Thursday, 28 August 2014

Using audio in teaching and learning
The use of audio is well established in education and has been used for decades. From the humble audio cassettes of the 1970s, to accompanying nearly all video recordings, audio has a long history as a teaching and learning aid. Audio as a format has great breadth and depth which means there is great potential for its use in education.
The majority of uses for digital audio, to date, have been replicating traditional activities (e.g. recordings of lectures), yet this digital medium has the potential to offer much more. As use of digital learning technologies continues to grow around infrastructure (e.g. the virtual learning environment) and as teaching and learning pedagogy evolves within 'uniquely' digital contexts, we have begun to see new methods for using digital audio recordings within teaching and learning.
Some examples of using audio in education
Audio is a flexible medium which means that there are many applications within an educational context. The examples of audio uses below show that audio can be used either directly for teaching, e.g. an activity is formed around an audio resource, or as incidental activity where audio plays a minor role:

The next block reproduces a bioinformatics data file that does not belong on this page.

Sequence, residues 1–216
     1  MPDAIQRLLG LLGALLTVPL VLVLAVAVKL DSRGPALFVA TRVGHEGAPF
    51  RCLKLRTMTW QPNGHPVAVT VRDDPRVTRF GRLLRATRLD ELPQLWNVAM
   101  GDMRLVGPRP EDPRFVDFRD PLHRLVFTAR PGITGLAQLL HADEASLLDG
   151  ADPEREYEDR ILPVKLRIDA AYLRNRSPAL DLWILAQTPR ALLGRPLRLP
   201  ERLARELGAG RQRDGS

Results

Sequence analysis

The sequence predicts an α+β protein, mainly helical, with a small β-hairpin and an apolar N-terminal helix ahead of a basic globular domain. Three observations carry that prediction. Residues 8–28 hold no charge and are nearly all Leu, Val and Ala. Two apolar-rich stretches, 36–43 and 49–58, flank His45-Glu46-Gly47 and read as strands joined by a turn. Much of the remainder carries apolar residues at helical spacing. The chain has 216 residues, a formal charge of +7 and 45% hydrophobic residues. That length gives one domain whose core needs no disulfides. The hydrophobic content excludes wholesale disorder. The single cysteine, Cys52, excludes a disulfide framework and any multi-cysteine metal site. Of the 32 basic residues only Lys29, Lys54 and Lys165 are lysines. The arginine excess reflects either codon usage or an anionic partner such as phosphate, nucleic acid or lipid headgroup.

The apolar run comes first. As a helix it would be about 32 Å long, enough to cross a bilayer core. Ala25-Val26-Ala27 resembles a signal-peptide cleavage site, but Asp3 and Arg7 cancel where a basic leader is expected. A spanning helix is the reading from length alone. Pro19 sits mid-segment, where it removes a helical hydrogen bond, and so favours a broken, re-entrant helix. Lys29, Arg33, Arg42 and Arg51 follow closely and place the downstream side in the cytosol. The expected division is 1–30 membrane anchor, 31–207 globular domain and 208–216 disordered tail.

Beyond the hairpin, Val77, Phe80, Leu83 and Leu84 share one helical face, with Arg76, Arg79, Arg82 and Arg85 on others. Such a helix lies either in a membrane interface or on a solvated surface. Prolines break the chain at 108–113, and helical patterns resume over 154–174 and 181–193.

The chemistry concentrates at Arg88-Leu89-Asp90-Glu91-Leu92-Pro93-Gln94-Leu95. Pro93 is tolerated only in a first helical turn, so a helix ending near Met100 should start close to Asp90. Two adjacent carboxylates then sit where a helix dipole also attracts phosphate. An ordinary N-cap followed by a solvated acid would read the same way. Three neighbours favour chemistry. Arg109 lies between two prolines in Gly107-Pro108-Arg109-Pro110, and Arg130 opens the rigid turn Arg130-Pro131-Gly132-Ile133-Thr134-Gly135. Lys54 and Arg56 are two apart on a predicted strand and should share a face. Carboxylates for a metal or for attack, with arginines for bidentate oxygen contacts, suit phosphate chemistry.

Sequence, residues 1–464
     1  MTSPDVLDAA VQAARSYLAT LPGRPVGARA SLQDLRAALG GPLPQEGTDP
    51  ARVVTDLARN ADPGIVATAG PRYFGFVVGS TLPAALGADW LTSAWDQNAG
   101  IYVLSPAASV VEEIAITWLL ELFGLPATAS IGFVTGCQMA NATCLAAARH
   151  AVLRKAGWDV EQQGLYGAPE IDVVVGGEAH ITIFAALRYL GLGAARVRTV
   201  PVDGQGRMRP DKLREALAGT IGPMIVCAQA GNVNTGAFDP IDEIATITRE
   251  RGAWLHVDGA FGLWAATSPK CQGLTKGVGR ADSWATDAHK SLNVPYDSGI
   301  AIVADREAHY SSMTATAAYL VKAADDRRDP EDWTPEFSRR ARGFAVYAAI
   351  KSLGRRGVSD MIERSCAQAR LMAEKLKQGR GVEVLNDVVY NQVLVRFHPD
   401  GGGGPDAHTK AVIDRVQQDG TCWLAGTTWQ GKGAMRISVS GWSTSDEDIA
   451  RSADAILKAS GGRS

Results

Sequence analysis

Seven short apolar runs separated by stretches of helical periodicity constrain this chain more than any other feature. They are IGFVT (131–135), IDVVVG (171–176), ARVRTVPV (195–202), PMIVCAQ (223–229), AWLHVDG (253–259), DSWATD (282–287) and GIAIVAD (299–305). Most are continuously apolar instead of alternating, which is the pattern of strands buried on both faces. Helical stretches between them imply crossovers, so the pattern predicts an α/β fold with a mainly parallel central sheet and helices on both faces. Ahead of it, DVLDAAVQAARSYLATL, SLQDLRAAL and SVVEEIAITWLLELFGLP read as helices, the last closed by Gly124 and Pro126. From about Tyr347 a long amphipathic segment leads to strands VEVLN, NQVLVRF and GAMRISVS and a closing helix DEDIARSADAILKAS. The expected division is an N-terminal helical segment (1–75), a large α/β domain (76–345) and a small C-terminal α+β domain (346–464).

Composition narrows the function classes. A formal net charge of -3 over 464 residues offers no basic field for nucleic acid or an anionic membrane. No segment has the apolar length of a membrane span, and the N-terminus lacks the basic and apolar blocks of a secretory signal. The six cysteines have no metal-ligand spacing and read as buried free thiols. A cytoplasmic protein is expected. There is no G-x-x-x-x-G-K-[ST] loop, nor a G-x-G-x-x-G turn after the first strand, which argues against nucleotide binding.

·         Providing student feedback using a voice recording that is sent to the learner either to supplement written feedback or as a replacement.
·         Student generated recordings which may be used as part of a learner activity or to record evidence.
·         Interviews with subject matter experts which can be listened to and used as primary sources of information or smaller and incidental uses. 

·         Public lectures are enjoyed live and face to face. The recordings can be repurposed for teaching material and used for different contexts and subjects. 
·         Live online discussions can be conducted via audio tools and platforms between two or more people and this facility is frequently used for distance learning.
·         Audio source materials from the past and present which can be used as part of a teaching activity. Oral history materials for example may be used by students to get a rich description of a past event.